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A198

IMPORTANT ASPECTS OF THE ESOPHAGOGASTRODUODENOSCOPY (OGD) REPORT FOR PREOPERATIVE MANAGEMENT OF GASTRIC CANCER

N Ravindran1, A Mahar2, N Coburn2, J Tinmouth2

1University of Toronto; 2Sunnybrook Hospital, Toronto, Ontario
AIMS:
To identify important features of the OGD report for preoperative management of gastric cancer.
METHODS: Part 1: A systematic literature review, involving a search of Medline, Embase & the Cochrane Review of Controlled Trials using the terms "gastric", "stomach" & "cancer", "carcinoma", "neoplasm" or "tumour" was implemented. Abstracts were reviewed by 2 independent evaluators, & retained if they addressed the following question: "What are the important features of an OGD for the preoperative management of gastric cancer?" Part 2: A convenience sample was identified comprising all gastroenterologists and general surgeons from 2 academic & 2 community hospitals; 5 from each specialty were interviewed. Respondents were required to be in independent & active practice, to perform endoscopy routinely & to have experience in the preoperative evaluation of gastric cancer patients. Semi-structured interviews focused on important aspects of an OGD report pertaining to gastric cancer, & included questions requiring response on a Likert scale graded 1-4 (1=not necessary, 2=not necessary but nice to have, 3=recommended & 4=absence mandates repeat OGD). Interviews were individually conducted, taped, transcribed & analyzed.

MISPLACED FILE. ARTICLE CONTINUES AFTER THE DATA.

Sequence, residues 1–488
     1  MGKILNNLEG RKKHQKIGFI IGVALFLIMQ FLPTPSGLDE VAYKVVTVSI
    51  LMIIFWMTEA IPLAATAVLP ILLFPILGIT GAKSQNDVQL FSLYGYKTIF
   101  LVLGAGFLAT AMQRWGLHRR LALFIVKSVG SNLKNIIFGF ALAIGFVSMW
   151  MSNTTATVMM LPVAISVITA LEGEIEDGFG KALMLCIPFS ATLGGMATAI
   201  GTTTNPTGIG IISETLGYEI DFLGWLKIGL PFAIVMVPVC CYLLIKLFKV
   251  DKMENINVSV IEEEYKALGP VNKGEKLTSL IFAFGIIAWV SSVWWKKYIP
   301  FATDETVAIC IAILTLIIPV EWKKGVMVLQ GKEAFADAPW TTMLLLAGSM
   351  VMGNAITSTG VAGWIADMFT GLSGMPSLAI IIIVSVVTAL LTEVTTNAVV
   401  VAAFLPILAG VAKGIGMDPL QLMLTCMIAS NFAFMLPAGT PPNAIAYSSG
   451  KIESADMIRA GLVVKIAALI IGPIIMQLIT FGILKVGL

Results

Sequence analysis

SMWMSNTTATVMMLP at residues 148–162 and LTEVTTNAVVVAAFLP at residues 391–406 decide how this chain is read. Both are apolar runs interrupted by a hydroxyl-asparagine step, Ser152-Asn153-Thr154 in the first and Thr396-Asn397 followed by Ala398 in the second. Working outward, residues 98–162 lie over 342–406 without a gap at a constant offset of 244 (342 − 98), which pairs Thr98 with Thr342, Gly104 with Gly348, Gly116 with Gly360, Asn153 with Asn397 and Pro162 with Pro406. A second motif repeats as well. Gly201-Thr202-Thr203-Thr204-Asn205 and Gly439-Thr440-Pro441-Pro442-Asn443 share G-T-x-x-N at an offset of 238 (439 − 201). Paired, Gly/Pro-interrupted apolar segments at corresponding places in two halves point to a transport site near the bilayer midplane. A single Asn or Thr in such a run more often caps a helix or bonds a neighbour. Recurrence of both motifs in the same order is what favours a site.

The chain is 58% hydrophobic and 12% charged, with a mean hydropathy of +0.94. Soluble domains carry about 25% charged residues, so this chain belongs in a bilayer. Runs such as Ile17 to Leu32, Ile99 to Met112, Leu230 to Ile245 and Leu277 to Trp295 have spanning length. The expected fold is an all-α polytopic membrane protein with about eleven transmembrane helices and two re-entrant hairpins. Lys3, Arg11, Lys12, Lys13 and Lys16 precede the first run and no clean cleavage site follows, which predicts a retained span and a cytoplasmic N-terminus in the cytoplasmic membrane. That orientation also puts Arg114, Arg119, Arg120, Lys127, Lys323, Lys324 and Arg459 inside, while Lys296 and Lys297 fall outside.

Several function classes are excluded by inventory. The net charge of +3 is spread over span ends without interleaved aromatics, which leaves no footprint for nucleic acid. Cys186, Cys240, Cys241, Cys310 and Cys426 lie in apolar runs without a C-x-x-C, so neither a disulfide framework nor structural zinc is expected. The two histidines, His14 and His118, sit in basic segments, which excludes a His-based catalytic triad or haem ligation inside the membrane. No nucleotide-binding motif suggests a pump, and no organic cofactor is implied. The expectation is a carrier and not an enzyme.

RESULTS: Part 1: Literature review & search yielded 4910 abstracts. None of the abstracts addressed quality of OGD in preoperative planning for gastric cancer. Part 2: The study sample (n=10) consisted of 70% academicians with median 7 (Range 1-24) years in practice, who diagnosed or managed median of 50 (5-150) cases of gastric cancer during practice to date, & who perform median of 275 (80-1000) OGDs/year. All respondents agreed that distance of gastric neoplasms from GEJ, size of mass & location of mass should be included in the OGD report (Likert (L) 3-4). Additionally, 90% felt that describing the appearance of mass, video and photos were important (L 3-4). Tattooing of a neoplasm was important if it was small (3/10) or to be treated laparoscopically (4/10) while 50% felt that biopsies for H. pylori or of surrounding tissue was important (L 3-4). Gastroenterologists (GIs) would repeat OGD only to confirm equivocal histopathology while all general surgeons (GSxs) indicated they would repeat OGD themselves to confirm location of the tumour & to assist with patient counseling & surgical planning, regardless of quality & content of OGD report.
CONCLUSIONS: There is a paucity of research on the quality of OGD reporting in the preoperative management of gastric cancer. Regardless of quality of OGD reporting, general surgeons are likely to repeat OGD. Improved communication & cooperation between GIs & GSxs is needed to optimize gastric cancer care & to avoid duplication of endoscopic procedures.

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